Budget Cut Impact

Budget Cut Impact

Three new constitutional officers tell lawmakers how budget cuts will impact their agencies.
Three newly elected constitutional officers briefed lawmakers on a House Budget subcommittee Tuesday about the impact another round of cuts would have on their agencies.
 
James Comer, R-Agriculture Commissioner, told lawmakers he’s “working very hard” to find efficiencies, but his agency’s staffing is “at historic lows.”  He noted that the number of amusement ride inspectors has dwindled from 21 to nine over the last 15 years.   "We only have one electrician now that's in amusement ride inspections,” Comer said, calling that a “concern.”
 
Comer says the number of things the department regulates is increasing while the size of the staff is dropping.  The department has 41 regulators to check everything from price scanners in stores to gas pumps to animal shelters.
 
Governor Steve Beshear has proposed a budget which would cut most state agencies 8.4% next fiscal year on top of the 2% reduction sustained this year.  In recent years many agencies have been trimmed by more than 20 percent.
 
Agriculture Department Deputy Director Steve Kelly told lawmakers the governor’s general fund budget would not cover the agency’s personnel costs  "Either programs has to go or people has to go,” Kelly testified.  “I mean there is no money left to do anything else with."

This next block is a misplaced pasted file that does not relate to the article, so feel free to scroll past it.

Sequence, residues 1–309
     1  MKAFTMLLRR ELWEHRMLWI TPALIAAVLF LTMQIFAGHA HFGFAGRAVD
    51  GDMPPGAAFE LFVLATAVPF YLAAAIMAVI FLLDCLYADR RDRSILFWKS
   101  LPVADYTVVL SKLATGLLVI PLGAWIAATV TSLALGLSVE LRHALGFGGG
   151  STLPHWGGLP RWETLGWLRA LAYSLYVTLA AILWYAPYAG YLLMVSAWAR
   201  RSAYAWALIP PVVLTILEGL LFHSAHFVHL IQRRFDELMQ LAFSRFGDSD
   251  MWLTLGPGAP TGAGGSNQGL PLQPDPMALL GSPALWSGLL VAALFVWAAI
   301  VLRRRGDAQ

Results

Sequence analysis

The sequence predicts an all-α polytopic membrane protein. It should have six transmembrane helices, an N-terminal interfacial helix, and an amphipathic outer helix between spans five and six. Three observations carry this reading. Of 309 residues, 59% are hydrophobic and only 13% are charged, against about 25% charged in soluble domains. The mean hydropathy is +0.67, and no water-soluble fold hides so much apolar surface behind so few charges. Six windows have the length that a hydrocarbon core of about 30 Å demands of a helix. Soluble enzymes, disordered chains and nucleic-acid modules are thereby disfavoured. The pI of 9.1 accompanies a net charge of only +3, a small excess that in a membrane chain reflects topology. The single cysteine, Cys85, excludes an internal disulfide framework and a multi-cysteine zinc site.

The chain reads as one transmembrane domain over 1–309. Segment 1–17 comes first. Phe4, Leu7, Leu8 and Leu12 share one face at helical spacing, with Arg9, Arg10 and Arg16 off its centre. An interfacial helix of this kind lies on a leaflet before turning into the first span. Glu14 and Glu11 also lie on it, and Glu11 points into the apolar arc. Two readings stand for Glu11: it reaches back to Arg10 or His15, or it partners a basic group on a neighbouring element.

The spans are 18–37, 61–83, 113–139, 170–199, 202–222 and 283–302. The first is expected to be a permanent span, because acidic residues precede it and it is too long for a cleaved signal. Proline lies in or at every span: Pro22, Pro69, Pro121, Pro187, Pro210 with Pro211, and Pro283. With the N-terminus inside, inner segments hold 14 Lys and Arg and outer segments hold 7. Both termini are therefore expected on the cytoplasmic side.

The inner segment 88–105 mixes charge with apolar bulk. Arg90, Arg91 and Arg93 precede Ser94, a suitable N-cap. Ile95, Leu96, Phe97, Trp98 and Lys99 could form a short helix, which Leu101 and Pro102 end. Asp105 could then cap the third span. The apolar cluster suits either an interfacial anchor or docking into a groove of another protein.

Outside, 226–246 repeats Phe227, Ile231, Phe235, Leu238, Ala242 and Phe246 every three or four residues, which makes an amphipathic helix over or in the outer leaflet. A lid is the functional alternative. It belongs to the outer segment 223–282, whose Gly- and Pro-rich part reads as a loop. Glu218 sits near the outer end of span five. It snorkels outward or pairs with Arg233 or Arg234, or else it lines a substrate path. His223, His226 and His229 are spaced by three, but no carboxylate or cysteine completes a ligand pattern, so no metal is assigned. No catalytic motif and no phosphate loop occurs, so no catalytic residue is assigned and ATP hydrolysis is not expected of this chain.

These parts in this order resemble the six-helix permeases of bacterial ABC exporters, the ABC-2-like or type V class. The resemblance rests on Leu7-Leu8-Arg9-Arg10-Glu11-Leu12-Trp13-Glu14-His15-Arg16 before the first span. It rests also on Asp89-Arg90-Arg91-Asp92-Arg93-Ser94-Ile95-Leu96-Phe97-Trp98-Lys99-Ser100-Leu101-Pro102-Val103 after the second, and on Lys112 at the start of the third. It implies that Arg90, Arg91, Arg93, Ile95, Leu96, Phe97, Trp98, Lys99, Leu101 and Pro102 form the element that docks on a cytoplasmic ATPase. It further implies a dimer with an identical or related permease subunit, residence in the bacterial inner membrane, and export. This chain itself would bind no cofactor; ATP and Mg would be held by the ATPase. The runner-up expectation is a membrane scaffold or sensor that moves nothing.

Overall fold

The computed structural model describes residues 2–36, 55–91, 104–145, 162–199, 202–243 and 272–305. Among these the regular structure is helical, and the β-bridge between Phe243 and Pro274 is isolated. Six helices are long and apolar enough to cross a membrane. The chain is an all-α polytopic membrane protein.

Kentucky’s new state auditor, Adam Edelen, told lawmakers his office accepts the challenge of monitoring the use of taxpayers’ money on a smaller budget
 
"We will not permit this agency to retreat on its special sacred commitment to the taxpayers to provide a government as good as they are, “said Edelen, a Democrat.  The agency has 107 auditors who carry out about 600 audits a year. 
 
Recently elected Secretary of State, Allison Grimes, a Democrat, told lawmakers on the budget panel that on-going cuts are placing “critical programs in jeopardy.”
 
"These cuts, on top of the deep cuts we have already seen, are going to have an impact,” Grimes testified.

 She wants lawmakers to not strip any of her agency’s restricted funds, amounting to $2.5 million a year, from her office.  Those funds come from fees collected for services.  In the past as much as $800,000 a year has been taken, but Governor Steve Beshear’s proposed budget moves $1 million a year from the Secretary of State’s restricted fund, a move Grimes want lawmakers to reject.

 

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